Jesus is Not Just "One of Us"

NOTE: The audio of the following sermon, preached on July 05, 2015 at St. Peter’s Anglican Church in Mountain Brook, Alabama, can be found here. (I began with a bit of a mic issue. Ignore the garbled first 10 seconds or so!)

Introduction

The “hometown,” “home court” advantage is a very real occurrence in many areas of life. Familiar fans and supportive surroundings help us humans to perform better at many tasks, from singing to sports.

But not in sermons.

There is very seldom a home court advantage in preaching!

Family and close friends may inspire us to make the game-winning shot, or hit the highest note, but when it comes to the intimate affair of preaching God’s Word — of transcending the divide between there & then and here & now, making it clear how the words of Scripture should enlighten, encourage, confront, and challenge us — when it comes to preaching to family and friends, it’s hard.

Granted, it might be easier to impress, to invigorate, to lay on the rhetorical relish with grandiose gestures, dazzling diction, and absolutely awesome alliteration.

But that’s not preaching. That’s a show.

Preaching takes guts… It takes bravery to do the necessary hard work at the intersection between the stuff of God and the stuff of life.

Because, if what we Christians believe is TRUE, everything changes, and a preacher’s job is to make that clear.

However, when it comes to family and friends, it’s difficult to preach repentance to those who changed your diapers, calmed your tantrums, kept your secrets.

But every stressed out seminarian, every nervous young pastor preparing to preach to the home crowd, can take heart that the very One we preach, Jesus the Messiah, faced a similar challenge during his earthly preaching ministry.

Mark 1-5

Please turn with me to the Gospel of Mark, beginning on page 836 of your pew Bibles.

To understand today’s Gospel text from Mark 6, we first need a bit of context from Mark chapters 1 through 5. Please follow along with me in your Bibles, glancing at the pages as I summarize these chapters.

The biggest thing I’d like us to note is that Jesus is on a roll.

Mark’s Gospel takes off quickly into the narrative of Jesus, who, after he is baptized by his forerunner John, is affirmed of his identity by the very voice of God. He is then driven yet sustained by the Spirit through the wilderness testings of Satan.

Jesus then returns from the wilderness and begins his preaching ministry in Galilee — boldly:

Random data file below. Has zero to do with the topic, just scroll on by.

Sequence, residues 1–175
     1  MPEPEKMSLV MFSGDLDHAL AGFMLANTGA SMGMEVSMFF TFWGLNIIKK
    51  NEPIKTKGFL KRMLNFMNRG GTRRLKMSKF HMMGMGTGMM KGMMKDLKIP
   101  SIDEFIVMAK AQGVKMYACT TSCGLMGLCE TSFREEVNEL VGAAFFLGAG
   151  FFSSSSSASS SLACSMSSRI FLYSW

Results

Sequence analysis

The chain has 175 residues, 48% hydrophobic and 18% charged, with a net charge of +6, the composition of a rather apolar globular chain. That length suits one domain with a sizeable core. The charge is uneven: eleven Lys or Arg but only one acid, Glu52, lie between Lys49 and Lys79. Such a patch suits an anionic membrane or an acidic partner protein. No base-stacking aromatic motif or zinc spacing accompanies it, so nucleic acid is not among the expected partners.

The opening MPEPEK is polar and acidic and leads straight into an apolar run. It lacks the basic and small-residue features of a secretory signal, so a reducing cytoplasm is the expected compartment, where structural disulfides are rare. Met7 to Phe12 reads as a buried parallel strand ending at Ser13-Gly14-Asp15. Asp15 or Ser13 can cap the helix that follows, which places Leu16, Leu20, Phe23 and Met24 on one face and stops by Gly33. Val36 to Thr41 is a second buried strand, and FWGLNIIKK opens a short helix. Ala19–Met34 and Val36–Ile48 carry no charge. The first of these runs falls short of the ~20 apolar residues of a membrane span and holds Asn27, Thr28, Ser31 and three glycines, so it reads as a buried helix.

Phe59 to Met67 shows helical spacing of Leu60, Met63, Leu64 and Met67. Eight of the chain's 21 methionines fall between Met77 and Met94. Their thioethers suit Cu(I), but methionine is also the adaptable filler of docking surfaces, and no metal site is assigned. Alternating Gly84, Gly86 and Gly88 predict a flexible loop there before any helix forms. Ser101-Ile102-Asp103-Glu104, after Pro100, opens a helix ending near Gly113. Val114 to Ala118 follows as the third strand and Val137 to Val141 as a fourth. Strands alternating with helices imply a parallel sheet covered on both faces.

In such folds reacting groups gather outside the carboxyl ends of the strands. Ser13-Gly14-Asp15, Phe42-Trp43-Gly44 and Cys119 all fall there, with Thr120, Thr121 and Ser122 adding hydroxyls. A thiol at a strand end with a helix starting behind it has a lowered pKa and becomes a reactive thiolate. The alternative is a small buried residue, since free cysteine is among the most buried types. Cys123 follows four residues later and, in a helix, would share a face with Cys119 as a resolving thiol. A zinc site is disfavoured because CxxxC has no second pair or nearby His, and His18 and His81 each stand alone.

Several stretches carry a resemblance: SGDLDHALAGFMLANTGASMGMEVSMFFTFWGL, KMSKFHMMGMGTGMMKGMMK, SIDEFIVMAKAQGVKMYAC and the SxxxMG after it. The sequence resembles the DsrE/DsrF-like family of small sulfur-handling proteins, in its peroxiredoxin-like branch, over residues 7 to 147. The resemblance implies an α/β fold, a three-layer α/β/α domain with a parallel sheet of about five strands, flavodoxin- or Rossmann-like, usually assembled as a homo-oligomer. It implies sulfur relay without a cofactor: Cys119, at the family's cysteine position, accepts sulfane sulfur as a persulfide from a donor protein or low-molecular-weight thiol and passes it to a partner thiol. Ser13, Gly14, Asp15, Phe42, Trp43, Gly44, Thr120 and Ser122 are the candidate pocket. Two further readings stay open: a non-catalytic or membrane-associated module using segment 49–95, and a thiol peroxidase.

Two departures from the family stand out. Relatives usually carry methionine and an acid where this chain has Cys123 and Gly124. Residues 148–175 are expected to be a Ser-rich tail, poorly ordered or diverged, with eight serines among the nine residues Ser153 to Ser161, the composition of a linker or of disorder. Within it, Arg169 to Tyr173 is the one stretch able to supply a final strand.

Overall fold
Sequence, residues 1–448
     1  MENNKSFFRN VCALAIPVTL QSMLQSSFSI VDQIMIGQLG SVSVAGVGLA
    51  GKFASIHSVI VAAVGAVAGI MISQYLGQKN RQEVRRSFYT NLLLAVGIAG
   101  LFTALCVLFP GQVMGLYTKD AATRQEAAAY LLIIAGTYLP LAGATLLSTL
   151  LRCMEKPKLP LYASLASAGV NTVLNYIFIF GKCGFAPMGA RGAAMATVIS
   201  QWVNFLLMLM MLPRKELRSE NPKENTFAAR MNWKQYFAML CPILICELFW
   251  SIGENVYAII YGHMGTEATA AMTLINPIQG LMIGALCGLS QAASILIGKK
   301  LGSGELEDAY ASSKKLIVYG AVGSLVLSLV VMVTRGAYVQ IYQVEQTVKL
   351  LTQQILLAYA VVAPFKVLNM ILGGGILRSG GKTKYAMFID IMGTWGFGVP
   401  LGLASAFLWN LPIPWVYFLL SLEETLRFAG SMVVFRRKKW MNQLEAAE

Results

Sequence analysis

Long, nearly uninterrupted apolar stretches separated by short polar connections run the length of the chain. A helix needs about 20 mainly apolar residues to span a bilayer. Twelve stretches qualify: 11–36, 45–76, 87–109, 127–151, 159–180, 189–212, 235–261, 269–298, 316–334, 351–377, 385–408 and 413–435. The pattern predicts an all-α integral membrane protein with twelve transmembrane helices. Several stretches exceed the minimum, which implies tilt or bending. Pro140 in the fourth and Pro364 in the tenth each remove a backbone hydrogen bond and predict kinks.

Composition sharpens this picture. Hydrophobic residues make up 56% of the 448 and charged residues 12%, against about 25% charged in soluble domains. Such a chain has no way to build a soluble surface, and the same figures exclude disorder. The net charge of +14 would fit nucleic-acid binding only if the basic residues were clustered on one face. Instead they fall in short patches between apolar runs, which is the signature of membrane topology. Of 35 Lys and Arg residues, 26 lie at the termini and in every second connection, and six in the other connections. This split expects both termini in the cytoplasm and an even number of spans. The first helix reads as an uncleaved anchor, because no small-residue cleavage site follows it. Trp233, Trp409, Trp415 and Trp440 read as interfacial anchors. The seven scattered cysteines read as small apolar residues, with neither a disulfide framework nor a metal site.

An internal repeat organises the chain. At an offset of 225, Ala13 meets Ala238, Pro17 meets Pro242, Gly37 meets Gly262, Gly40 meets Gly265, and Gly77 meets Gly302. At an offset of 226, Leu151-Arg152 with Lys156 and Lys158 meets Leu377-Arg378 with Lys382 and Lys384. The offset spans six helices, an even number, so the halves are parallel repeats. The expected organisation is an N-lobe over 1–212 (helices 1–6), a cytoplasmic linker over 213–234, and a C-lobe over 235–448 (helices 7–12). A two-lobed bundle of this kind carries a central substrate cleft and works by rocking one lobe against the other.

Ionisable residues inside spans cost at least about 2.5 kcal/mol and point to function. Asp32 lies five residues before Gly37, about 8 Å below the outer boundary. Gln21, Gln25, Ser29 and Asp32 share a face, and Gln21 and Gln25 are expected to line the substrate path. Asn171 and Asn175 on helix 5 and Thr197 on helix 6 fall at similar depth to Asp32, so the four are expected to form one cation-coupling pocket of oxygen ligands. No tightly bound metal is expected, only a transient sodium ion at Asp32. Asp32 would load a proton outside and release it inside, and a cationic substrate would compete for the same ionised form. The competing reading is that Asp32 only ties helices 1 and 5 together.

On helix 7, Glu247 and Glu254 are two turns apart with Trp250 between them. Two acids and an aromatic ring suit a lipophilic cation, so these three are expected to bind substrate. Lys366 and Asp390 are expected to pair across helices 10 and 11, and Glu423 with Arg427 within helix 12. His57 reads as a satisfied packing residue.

“proclaiming the gospel of God, and saying ‘The time is fulfilled, and the kingdom of God is at hand; repent and believe in the gospel.'” (1:15)

He then calls his first disciples, who join him in his whirlwind ministry of preaching and teaching with authority, healing the sick, and casting out demons. So much for chapter 1!

In chapter 2, he challenges Jewish conceptions about the forgiveness of sins, fasting, and keeping Sabbath.

In chapter 3, we witness the first hints of outright opposition to Jesus on account of his unorthodox Sabbath practices, yet this is immediately followed by a description of Jesus’ growing crowd of followers.

Unfazed, Jesus calls and appoints the twelve apostles. He challenges the experts in Jewish Law, and scandalously stretches the boundaries of family.

In chapter 4, he teaches in parables, before commanding and calming the wind and the sea.

In chapter 5, he upsets an entire region by casting out a legion of demons. And before we get to chapter 6, he reverses death itself for the sake of a synagogue official, and reverses disease for the sake of a woman with a discharge of blood.

In the face of FAITH,Jesus tells the dead to get up. He calls the physically, financially, and relationally destitute one “daughter.”

Jesus is on a roll.

Jesus is up to something BIG, something NEW. He is bringing in the very kingdom of God, unexpectedly centered around HIMSELF, and NOTHING, NO ONE –

  • not winds,
  • not waves,
  • not Pharisees,
  • not scribes,
  • not disease,
  • not destitution,
  • not demons,
  • not even DEATH – can stand in his way.

Well, maybe one thing can.

Our Text: Mark 6:1-13

We’re now on page 841, Mark chapter 6 begins this way:

“He [Jesus] went away from there and came to his hometown [Nazareth], and his disciples followed him.